Brands, agencies and various other organizations have employed all kinds of creative strategies to encourage citizens to head to the polls. Goodby Silverstein & Partners, for example, put the names of police brutality victims in place of candidates on election signs for Courageous Conversation Global Foundation; gun safety nonprofit Change the Ref turned to deepfake tech to create an eerie plea from a Parkland victim; crafters around the country have taken to tie dying and now, the Windy City is trying to attract voters with art.
FCB, in partnership with the City of Chicago, has created a series of eye-catching, art-covered voting booths to lure people in. But there’s depth to the dazzle—the walls of the booths were created from murals and messages that had covered storefronts during recent social justice protests.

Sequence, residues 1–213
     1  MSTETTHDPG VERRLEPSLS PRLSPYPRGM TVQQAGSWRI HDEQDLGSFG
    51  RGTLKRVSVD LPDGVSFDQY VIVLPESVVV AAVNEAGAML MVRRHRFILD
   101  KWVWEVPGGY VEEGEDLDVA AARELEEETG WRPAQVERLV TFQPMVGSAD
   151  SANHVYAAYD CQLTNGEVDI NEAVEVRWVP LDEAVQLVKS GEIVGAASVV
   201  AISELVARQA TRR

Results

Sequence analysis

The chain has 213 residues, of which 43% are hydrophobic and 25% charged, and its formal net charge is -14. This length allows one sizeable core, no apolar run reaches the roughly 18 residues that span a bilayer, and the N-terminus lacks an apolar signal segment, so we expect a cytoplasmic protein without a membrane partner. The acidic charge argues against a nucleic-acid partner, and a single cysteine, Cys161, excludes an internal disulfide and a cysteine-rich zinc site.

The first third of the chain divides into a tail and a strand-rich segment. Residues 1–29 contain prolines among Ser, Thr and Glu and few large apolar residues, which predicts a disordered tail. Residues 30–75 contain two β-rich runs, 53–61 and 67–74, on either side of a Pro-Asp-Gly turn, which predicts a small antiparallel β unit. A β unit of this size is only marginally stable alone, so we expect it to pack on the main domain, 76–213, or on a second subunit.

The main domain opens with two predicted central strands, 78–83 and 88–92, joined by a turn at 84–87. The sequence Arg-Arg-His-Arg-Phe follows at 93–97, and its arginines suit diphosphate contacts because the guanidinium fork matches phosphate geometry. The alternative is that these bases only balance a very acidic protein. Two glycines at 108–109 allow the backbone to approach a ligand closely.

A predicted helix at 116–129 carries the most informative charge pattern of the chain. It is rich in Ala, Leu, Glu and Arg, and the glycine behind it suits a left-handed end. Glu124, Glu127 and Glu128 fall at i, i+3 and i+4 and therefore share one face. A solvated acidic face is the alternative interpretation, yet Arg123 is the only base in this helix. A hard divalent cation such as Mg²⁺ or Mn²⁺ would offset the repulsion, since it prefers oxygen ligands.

Chicago Mayor Lori Lightfoot stands amidst the art-covered booths.
Since last week, the “Boards of Change” booths have been traveling around the city to neighborhoods with historically low voter turnout. Each booth is equipped with a QR code that allows passersby to register on the spot, with the help of When We All Vote, the non-profit founded by former First Lady Michelle Obama.
This is the second iteration of the “Boards of Change” effort which in July used gorgeous billboard art to drive participation in the 2020 U.S. Census.
“In this moment in history, it is important that we make every effort possible to contribute to change—as an agency, as a city and as an individual,” said FCB Chicago CCO Andrés Ordóñez in a statement. “We are hopeful these striking symbols of change will not only drive awareness about the power of voting, but also encourage voter registrations and participation in this year’s election.”